Hostname: page-component-5d59c44645-l48q4 Total loading time: 0 Render date: 2024-03-03T13:30:54.980Z Has data issue: false hasContentIssue false


Published online by Cambridge University Press:  17 December 2002

Alan Charles Kors
History, University of Pennsylvania


There is no “after socialism.” There will not be in our or in our children's lifetimes an “after socialism.” In the wake of the Holocaust and the ruins of Nazism, anti-Semitism lay low a bit, embarrassed by its worst manifestation, its actual exercise of state dominion. In the wake of the collapse of Communism, socialism's only real and full experience of power, socialism too lays low for just a moment. Socialism's causes in the West, however, remain ever with us, the product of the convergence of two extraordinary achievements: liberal free enterprise and political democracy. The former creates wealth that has transformed all human possibility, but it also gives rise to particularly deep envy. The latter allows ambition a route to power by an appeal to the democratic state to seize and redistribute wealth in the name of social equality. As Friedrich Hayek and Ludwig von Mises understood perfectly, the bounty of free enterprise leads the unproductive to believe that such wealth is a fact of nature, there for the taking.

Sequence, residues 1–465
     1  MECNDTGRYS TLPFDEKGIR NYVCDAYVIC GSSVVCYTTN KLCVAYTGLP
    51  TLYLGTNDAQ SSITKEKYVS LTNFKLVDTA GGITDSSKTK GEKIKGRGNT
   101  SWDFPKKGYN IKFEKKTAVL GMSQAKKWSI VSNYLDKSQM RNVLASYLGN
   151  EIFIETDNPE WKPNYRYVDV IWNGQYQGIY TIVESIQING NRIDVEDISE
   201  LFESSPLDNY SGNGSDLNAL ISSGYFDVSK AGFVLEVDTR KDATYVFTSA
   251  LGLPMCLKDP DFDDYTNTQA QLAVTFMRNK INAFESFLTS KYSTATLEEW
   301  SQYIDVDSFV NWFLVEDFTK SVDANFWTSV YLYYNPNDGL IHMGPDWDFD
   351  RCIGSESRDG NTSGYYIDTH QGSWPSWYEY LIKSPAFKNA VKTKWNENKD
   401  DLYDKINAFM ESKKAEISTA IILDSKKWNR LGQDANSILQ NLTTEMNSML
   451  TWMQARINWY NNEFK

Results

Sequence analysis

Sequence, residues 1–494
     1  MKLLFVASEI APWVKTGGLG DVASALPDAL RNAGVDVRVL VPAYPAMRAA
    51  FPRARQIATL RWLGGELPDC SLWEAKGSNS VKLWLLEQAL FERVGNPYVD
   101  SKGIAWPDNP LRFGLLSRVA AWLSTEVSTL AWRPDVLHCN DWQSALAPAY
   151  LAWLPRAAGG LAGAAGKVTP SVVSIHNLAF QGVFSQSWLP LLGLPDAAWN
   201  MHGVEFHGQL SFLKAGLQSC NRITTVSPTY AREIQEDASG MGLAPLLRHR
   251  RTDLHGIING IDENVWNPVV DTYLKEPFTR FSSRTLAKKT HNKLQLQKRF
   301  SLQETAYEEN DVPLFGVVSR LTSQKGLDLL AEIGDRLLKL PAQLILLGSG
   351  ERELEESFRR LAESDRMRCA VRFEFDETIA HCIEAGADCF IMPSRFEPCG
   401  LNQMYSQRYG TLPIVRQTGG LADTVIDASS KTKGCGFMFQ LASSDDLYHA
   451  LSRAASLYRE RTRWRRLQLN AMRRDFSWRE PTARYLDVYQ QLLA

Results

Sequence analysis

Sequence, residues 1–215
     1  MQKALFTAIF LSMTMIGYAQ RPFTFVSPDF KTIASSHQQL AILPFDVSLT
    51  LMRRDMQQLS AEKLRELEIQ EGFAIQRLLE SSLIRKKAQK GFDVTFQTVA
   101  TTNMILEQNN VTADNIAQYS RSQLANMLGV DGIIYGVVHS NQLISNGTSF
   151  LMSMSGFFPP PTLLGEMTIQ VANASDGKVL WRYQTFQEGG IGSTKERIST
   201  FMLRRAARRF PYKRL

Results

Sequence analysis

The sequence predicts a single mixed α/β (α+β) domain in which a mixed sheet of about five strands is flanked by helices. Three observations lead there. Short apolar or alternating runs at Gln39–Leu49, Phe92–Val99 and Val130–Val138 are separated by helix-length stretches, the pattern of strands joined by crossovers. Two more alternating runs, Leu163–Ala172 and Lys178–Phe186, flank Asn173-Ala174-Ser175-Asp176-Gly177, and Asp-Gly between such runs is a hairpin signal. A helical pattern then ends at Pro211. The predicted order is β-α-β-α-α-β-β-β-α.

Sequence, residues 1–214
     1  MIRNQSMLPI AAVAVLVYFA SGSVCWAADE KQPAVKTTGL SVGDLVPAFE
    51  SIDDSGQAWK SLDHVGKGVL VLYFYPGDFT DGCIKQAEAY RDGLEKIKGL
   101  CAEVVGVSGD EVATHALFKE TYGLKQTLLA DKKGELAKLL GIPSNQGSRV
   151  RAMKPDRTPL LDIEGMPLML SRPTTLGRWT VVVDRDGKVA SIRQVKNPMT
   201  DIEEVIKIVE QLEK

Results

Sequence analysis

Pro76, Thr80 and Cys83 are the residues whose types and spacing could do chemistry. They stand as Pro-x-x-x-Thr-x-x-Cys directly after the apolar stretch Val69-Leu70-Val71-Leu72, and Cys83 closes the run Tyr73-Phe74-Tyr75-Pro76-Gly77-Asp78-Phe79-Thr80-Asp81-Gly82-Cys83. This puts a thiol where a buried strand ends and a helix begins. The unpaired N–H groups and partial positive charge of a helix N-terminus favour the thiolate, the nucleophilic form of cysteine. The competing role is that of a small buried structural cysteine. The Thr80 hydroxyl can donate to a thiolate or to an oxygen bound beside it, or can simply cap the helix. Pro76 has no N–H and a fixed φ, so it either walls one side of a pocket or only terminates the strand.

Research Article
© 2003 Social Philosophy and Policy Foundation

Access options

Get access to the full version of this content by using one of the access options below. (Log in options will check for institutional or personal access. Content may require purchase if you do not have access.)